Bad Choices Schools and sporting venues that serve young athletes do little to encourage healthy eating. Many do not offer healthy choices, or offer them next to tempting but unhealthy choices. They also contribute to “Portion Distortion” – offering increasingly large servings of food. Young athletes need help understanding serving sizes and their calorie needs. A 12-inch Subway roll is 164 grams of bread – or almost 6 servings of bread. Parents need to recognize that children under 12 are not cognitively prepared to understand the long-term effects of the poor food choices they make. It is important to limit junk food and provide nutritional education, ideally by example, when children are young so that they will be more likely to make good choices in late adolescence and into adulthood.
Busy Schedules Take-out and processed or prepackaged food are tempting time-savers. Eating healthy takes a commitment of time and energy that some families do not make. Instead, they rely on processed foods and fast foods. These foods are often loaded with sugar, fats and preservatives and low on nutrients. They distort a child's idea of serving size and create a taste for sugar and fat. Calorie counts are suspect because companies are only required to report calories within 20% of their average count, and the samples they use are often dissimilar to what is served in actual restaurants.
What to Eat
The brain needs at least 130 grams of carbohydrates a day to function well. Carbohydrates break down into glucose, which is used to provide energy for all body tissues. Since the brain cannot store it, your body needs to provide the brain with a steady source of energy to help with focus and decision making. Adults more easily convert and store glucose in the muscles. They can “carbo-load” before a workout. That is not a good strategy for young athletes. They need to eat a diet of 45% to 65% carbohydrates – ideally complex carbohydrates such as whole fruit, whole-grain breads, green veggies, potatoes, corn, pumpkin, beans and peas. The bonus for complex carbs is that they are generally also high in fiber – another nutritional component young athletes often lack. High fiber foods are digestion-friendly and are filling, so young athletes feel satisfied longer and are less likely to overeat. Compare that to simple carbohydrates which are often loaded with fat and sugar. They are easy to overeat and do not provide a steady source of energy.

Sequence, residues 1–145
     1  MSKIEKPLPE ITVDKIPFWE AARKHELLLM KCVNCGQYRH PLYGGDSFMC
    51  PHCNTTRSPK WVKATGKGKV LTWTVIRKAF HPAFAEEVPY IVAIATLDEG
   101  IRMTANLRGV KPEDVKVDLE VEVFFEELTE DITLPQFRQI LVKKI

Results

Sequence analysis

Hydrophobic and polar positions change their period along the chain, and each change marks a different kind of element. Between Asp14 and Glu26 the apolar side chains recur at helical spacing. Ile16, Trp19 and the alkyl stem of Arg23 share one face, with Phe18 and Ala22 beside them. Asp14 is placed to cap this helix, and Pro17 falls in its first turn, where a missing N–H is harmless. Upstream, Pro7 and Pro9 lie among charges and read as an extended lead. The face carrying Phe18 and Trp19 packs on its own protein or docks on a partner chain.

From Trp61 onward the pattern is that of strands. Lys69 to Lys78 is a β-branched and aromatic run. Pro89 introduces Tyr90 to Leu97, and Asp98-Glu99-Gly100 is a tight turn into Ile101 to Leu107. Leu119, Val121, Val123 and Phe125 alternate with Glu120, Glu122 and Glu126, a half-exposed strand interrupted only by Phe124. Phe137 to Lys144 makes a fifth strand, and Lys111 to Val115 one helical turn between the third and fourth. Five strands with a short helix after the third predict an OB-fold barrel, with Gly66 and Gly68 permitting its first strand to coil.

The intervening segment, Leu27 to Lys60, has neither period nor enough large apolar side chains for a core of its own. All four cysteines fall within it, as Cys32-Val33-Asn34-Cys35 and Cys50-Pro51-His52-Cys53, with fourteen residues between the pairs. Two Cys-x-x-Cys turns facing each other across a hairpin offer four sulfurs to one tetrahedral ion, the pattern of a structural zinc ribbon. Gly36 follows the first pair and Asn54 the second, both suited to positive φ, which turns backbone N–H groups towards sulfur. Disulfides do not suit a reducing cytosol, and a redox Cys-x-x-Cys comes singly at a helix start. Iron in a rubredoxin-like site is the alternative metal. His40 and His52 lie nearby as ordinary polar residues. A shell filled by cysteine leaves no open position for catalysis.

Kids need more protein, pound for pound, than adults, to fuel growth. Athletes need slightly more, as do children with bigger builds and those who are growing rapidly. Spikes in training volume or intensity, such as at the start of a training season, add to the protein demand. Parents can expect young athletes to need between .5-.8g of protein per pound of body weight and it should be consumed throughout the day, not just at dinner.
Fortunately, studies show that most American children - those without restrictive diets (vegans, dieters) or other health issues - get sufficient protein in their diets - consuming 2-3 times the Recommended Dietary Allowance (RDA). In some cases, children eat too much protein. That can tax the kidneys and liver and increase urination, contributing to dehydration, and calcium loss. This is particularly true in younger children. A balanced diet is safer and more effective for healthy growth and optimum performance.
One thing to remember is that protein is particularly important to injured athletes. Caloric demand from exercise may be reduced if the injury restricts or prevents training. However,injury recovery is taxing on the body, increasing energy consumption by up to 20 percent. Also, numerous studies show that immobilization leads to rapid muscle mass loss, and that this may be slowed by a protein-rich diet. Consider keeping an injured athlete's caloric intake the same as pre-injury levels, but shifting the balance of calories toward protein consumption.
Fat has more than twice the calories per gram of carbs or protein. That makes it a good source of calories for athletes who need help gaining weight. However, most athletes who need to maintain or lose weight must have an adequate amount of fat in their diets. Fat provides essential fatty acids, helps you absorb fat-soluble nutrients, and cushions internal organs. It is also critical for optimal brain function. Did you know that your brain is almost 60% fat? Athletes with adequate fat stores can focus, think clearly, and make fast decisions. Limit saturated fats ("animal fats") to less than 10% of your swimmer's diet, avoid trans-fats (hydrogentaed oils), and include heart-healthy unsaturated fats ("plant-based") as a part of a balanced diet.
Vitamins and MineralsThere is a minimum and maximum amount of each micronutrient. Too much of a good thing can lead to potentially dangerous toxicities. Too little of a good thing can happen even if a young athlete generally eats well. For example, too little calcium can cause muscle cramps in the short term, or even bone density problems long term. Too little iron, a problem for all young athletes, but especially menstruating girls or vegans, can cause everything from shortness of breath to iron-deficiency anemia. A generally nutrient-poor diet will result in young athletes who fatigue easily and have poor immune systems.
The good news is that a healthy, balanced diet will help young athletes meet most of their requirements. However, few American children are getting the recommended amount of calcium, vitamin D, potassium, and fiber. Many teens, especially girls, dieters and vegans, lack iron. These micronutrients require particular parental attention for children in high-growth modes, teens who begin making more of their own food choices, and highly-scheduled children who may skip meals or sacrifice quality for convenience. Do not assume that a young athlete with a healthy body weight is getting the micronutrients they need. Poor diets or diets that lack variety can lead to long-term health issues.